Cascais is a charming seaside town in the Greater Lisbon region, located on the Portuguese Riviera.  It is a cosmopolitan centre and tourist destination.  It attracted the rich and royal families to spend summers with the excellent coastal location. Foreign kings and royal families such as King Edward VIII of the United Kingdom, King Carlos I of Spain and King Umberto II of Italy claimed the town as their home.  Today, Cascais is one of the wealthiest municipalities in both Portugal and the Iberian Peninsula.  It is a symbol of high quality living. Not difficult to imagine, the real estate cost is soaring high.

The little gem welcomes its guests with the picturesque beach, Praia da Rainha. Literally, it is translated as the 'The Queen's beach' as this beautiful small cove was chosen by Queen Dona Amelia as her private beach.  The beautiful beach with its proximity to the railway station draws crowds during the holiday period.

Cascais is dotted with cobble streets, beautiful houses, azulejos and nostalgic atmosphere. At the centre is the 5th October Square. The grey and white mosaic floor looks like waves which adds dynamics to the vibrant centre.

We then headed to the direction of the sea. A beautiful yacht harbour came into sight.  Round a corner stands the Tower of Santo Antonio de Cascais.  It is raw and mighty. Strolling along the streets we saw beautiful houses.  Next was the Pousada Hotel and Art District. It is a luxury hotel set within the walls of the historical fortress of the symbolic 16th century Citadel of Cascais.  This is the first hotel in Europe which has an art district.  It exhibits "in loco" creation by the residing and guest artists in constant dynamics between guests and Art.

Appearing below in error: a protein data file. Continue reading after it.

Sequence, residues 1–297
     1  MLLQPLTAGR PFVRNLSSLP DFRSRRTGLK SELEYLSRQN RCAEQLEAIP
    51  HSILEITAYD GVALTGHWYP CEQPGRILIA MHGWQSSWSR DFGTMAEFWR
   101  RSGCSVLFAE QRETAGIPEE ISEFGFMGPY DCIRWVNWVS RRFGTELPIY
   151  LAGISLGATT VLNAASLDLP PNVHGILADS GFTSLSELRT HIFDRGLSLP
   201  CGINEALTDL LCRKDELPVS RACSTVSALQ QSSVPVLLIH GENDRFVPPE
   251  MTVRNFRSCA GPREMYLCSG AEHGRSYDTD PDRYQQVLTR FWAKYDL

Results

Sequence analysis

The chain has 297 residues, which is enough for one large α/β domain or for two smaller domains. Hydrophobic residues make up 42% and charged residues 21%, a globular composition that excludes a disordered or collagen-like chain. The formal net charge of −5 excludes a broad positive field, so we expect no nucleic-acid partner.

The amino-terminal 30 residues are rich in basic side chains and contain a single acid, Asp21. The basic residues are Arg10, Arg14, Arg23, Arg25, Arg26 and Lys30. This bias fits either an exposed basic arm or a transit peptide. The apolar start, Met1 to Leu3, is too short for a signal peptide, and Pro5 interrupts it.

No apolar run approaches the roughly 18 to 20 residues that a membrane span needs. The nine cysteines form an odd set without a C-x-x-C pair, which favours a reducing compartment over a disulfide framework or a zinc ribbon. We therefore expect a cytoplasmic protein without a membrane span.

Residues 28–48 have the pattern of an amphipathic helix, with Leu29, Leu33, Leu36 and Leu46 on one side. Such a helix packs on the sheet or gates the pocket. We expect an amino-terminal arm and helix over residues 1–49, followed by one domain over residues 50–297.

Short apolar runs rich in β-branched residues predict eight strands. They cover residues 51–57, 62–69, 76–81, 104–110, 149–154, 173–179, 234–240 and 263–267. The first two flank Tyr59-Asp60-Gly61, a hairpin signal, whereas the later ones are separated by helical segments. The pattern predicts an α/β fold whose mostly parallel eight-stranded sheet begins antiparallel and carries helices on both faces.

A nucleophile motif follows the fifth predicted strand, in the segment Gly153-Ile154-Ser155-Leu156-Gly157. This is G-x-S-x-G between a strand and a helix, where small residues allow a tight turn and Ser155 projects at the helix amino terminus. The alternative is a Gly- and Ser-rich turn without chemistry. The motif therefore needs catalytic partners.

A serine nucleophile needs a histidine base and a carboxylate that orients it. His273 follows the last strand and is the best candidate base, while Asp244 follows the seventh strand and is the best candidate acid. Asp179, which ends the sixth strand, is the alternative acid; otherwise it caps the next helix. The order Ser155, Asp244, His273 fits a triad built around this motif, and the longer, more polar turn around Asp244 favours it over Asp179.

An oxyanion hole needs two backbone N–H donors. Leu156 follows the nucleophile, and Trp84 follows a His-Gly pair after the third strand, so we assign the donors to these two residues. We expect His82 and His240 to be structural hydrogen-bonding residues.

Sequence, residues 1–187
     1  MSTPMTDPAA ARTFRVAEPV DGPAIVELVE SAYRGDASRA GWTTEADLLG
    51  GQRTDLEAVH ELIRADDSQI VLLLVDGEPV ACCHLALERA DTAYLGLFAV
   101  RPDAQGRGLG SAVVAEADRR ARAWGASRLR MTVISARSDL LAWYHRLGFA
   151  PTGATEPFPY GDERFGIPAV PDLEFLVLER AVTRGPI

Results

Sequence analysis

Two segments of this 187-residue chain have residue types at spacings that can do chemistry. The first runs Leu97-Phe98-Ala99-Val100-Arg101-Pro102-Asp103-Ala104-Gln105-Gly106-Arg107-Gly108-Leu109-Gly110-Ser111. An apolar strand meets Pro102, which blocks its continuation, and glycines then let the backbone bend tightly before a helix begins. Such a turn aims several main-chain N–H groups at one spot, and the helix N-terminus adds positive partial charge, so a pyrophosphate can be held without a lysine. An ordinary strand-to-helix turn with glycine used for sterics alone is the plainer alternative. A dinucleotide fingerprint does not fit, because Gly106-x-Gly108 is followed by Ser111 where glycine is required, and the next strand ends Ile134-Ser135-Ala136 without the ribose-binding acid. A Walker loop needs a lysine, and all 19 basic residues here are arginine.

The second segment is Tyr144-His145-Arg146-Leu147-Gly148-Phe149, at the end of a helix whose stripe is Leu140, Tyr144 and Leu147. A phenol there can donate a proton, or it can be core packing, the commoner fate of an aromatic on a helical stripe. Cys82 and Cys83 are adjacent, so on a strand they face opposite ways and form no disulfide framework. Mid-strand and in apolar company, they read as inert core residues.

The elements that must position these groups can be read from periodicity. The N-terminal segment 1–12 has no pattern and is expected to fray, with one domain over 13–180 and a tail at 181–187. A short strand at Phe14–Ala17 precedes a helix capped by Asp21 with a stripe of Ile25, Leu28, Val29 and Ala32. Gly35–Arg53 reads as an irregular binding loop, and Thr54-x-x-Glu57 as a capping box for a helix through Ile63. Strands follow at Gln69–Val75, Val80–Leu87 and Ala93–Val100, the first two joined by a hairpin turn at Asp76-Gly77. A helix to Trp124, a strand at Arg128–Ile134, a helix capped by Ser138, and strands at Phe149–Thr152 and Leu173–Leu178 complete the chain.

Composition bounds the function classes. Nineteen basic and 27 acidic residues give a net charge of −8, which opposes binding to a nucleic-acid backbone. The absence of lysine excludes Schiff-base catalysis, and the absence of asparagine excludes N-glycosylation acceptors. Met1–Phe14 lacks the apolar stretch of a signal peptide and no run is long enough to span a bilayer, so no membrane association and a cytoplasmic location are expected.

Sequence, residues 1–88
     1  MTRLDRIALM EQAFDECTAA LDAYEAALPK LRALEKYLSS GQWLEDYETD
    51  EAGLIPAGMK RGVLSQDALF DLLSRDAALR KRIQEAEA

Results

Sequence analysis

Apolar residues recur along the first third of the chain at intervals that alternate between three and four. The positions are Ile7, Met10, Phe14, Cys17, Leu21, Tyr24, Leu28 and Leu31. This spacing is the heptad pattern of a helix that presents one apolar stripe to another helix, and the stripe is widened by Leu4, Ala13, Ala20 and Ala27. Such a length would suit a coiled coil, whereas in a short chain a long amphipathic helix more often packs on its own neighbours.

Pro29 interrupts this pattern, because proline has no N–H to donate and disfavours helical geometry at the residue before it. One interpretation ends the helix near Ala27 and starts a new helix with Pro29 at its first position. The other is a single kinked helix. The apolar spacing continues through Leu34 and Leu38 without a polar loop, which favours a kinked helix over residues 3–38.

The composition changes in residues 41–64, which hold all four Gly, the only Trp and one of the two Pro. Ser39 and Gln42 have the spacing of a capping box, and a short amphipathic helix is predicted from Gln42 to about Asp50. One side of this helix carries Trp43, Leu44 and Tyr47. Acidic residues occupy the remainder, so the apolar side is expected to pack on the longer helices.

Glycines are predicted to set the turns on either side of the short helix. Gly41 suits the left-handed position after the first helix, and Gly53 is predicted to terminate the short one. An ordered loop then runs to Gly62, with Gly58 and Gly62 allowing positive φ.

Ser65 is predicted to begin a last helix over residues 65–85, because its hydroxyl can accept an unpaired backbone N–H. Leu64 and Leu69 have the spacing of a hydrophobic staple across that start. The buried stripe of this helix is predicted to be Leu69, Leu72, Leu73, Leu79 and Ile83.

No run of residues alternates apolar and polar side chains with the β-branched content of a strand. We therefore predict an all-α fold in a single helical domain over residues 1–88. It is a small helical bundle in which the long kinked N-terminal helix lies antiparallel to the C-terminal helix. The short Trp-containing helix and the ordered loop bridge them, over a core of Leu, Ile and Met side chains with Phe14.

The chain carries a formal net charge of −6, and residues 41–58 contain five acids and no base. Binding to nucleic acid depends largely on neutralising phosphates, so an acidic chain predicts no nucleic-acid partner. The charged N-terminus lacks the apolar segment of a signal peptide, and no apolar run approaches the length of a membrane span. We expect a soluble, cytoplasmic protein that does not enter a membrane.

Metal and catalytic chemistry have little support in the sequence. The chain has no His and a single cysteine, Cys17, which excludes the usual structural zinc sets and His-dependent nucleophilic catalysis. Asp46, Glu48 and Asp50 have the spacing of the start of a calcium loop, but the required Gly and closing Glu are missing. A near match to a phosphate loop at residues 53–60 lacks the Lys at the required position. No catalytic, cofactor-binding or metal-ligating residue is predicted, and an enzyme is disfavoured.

Going west is the Museum Quarter. One can choose to visit museums or enjoy a leisure walk between the museums.  Museums include: 

It was constructed in early 1900 by the Irish tobacco millionaire Jorge O'Neill.  His private art collection is displayed.  Exhibits include 17th century Oriental art, Indo-Portuguese furniture and an assortments of other varied artifacts. The weather was terrific good. We opt to walk around the Museum Quarter,  Hens, peacocks walked freely around.

Condes de Castro Guimarães Museum - Chapel
Museo do Mar (Museum of the Sea)
It shows the history of fishing and sailing at Cascais and the royal connection of sailing.

Exhibits are primarily donations by Paula Rego. They include paintings by her late husband, the artist Victor Willing and some of the models used by the donor.

Around the Museum Quarter is the Jardim Marechal Carmona dotted with art pieces and sculptures.  Local residents enjoyed the space and sunshine.

Walking further west, about 2km from Cascais, lies the Boca do Inferno (Hell's mouth).  It is an interesting cliff formation, a small bay and natural arch resulted by endless pounding of the Atlantic Ocean.  The walk along the coastal line is gorgeous.  Visitors are rewarded with great views of rocks, birds and natural scenery.